Personnel Board Supports Ecker's Wage-control Plan

February 10, 1991|By James M. Coram | James M. Coram,Staff writer

County Executive Charles I. Ecker's request for flexibility to impose a wage freeze on county workers won mixed support last week from the county personnel board.

Eliminating pay raises, longevity bonuses and some salary incentives could trim $2 million in costs, Ecker said.

He is sending the council three bills, all recommended Wednesday by the personnel board, that would allow him to do just that.

For several weeks, Ecker has said that while he hopes a pay freeze will be unnecessary, it is becoming increasingly likely and would be preferable to laying off or furloughing employees.

On Wednesday, county administrator Buddy Roogow told the personnel board that if permission to impose a wage freeze is not granted, layoffs and furloughs may be the administration's only alternative.

Ecker, faced with declining revenues and an expected shortfall of $25 million, has already asked department heads to cut their budgets by 10 percent.

Even with those cuts, the county still needs to come up with another $13 million just "to maintain basic public health, safety and education levels," a spending advisory committee told Ecker Monday.

One of the three bills being sent to the council would discontinue for one year premiums paid certain engineers for their expertise and would save $30,000. The other two bills would allow Ecker to lower longevity increasesand merit raises down to nothing.

If wages were frozen, the county would save $800,000 in longevity pay and $1.2 million in merit pay,the personnel board was told. Employees whose work is deemed satisfactory have been receiving 5 percent merit increases annually for morethan a decade.

Although the personnel board was divided about which pay incentives, if any, should be eliminated, all agreed that merit raises should be cut only as a final step to laying off or furloughing employees.

Sandra Jaffe, who voted with Dennis W. Vittetoe against a freeze on merit raises, told her colleagues that "if we allow the county not to grant merit increases, we may bear a cost that willfar exceed any savings."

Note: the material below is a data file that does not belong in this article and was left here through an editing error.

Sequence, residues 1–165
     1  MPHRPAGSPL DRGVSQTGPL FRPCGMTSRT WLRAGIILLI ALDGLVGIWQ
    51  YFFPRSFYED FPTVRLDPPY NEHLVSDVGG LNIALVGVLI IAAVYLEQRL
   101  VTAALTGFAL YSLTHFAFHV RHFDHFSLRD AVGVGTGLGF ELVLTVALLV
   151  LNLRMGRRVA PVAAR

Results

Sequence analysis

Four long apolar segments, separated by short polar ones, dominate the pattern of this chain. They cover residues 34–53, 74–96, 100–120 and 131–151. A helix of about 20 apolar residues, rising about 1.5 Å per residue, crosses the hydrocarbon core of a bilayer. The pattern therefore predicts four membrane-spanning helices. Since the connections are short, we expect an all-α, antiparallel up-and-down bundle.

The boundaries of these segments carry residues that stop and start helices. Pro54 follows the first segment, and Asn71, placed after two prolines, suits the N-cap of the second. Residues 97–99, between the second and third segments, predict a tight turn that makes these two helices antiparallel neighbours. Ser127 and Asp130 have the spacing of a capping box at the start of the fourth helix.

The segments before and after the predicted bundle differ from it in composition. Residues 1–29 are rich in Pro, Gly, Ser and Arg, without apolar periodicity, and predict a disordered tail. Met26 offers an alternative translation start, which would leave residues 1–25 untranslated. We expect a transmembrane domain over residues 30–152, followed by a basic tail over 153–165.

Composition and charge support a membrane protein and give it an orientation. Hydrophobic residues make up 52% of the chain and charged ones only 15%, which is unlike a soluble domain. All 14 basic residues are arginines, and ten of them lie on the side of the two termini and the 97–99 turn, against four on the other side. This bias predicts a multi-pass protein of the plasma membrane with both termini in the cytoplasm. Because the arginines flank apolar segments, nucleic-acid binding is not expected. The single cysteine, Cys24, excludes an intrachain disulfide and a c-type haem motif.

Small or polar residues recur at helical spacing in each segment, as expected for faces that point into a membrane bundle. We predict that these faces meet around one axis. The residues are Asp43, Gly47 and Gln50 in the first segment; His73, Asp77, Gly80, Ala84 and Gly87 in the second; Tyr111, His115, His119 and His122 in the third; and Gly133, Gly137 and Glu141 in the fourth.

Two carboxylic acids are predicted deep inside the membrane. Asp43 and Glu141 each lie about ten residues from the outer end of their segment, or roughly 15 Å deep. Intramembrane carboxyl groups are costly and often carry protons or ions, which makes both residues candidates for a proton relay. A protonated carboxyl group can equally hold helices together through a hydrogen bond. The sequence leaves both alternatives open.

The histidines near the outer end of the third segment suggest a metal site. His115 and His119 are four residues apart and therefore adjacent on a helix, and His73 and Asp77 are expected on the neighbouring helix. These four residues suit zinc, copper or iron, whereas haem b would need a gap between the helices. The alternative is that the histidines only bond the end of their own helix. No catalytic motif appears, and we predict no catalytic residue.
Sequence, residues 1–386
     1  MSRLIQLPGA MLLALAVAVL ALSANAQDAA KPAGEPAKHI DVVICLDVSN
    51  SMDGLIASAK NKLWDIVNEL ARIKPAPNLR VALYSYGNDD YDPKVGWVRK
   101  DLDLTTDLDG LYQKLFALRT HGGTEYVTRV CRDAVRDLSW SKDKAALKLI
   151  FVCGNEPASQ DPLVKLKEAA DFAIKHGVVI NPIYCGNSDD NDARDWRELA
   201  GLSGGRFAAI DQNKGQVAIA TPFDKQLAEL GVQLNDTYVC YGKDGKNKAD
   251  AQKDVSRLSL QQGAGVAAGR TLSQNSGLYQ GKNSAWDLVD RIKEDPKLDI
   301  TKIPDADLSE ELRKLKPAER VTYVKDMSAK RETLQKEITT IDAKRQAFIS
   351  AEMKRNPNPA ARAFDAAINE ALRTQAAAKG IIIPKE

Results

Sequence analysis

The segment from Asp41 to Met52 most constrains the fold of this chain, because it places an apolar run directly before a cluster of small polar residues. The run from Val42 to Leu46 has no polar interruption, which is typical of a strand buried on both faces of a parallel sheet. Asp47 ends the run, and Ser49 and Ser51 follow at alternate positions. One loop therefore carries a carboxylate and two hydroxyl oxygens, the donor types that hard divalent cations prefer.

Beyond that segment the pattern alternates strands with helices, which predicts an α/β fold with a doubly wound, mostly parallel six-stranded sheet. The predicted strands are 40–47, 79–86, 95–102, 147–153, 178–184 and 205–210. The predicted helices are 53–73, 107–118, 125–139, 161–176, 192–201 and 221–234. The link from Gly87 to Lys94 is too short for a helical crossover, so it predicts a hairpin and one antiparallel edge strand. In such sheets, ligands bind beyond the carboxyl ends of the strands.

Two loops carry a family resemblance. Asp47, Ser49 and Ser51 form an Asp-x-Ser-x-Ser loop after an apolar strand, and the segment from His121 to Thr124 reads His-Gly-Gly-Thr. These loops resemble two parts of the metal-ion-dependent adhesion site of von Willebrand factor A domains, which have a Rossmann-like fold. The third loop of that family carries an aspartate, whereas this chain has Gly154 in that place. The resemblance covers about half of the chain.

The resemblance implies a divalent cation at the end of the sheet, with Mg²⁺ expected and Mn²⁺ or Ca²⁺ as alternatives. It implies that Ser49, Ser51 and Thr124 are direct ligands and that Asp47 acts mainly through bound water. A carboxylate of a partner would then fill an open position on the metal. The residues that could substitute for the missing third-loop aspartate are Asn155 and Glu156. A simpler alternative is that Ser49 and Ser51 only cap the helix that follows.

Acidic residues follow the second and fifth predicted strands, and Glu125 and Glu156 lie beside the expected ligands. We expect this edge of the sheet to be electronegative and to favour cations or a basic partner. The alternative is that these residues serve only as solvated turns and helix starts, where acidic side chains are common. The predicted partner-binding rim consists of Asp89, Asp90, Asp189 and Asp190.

Regardless, the three other board members reluctantly supported the administration's position, agreeing with board member Cecil G. Christian that it was "the lesser of two evils."

Even then, the support was tenuous.

Upon recommendation of board member Mimi O'Donnell, the board attached a rider to the bills stating that if they are enacted, the administration would be required to publicly review its budget with the personnel board four times a year. The rider also would require Ecker to come before the board in apublic meeting before laying off any employees.

If merit raises are not paid, the board wants the administration's assurance that the raises will be returned to employees if additional revenues are foundduring the year. The best way to achieve that goal, board members said, is to require quarterly budget briefings.

Vittetoe, who is theonly employee representative on the board, voted against all three bills.

A Vittetoe motion to reject the longevity bill altogether drew loud applause from the more than 200 employees present, some of whom booed or shouted "Aw, come on!" when the motion died for lack of asecond.

"It's good to make recommendations and it's good to listen to employees," Vittetoe said. "Other county residents need to bear the shortfall (by paying higher property taxes) as much as employees."

When Vittetoe saw he did not have the votes to defeat the three proposals, he sought to avoid a board vote altogether. He requested that the board merely forward the bills to the County Council with employees' objections and the board's recommendations for quarterly briefings and restoration of raises if money becomes available.

Despite support from Jaffe, the remaining board members agreed with Christian and board chairman Michael P. Hickey that the board should send the council a "clear signal."

The signal is that merit pay is of thehighest priority, but if Ecker is not given the flexibility he wants, it might mean tying the administration's hands so tightly that layoffs result.

Vittetoe said it more simply: "The clear message is that we want for the employees what we can get."

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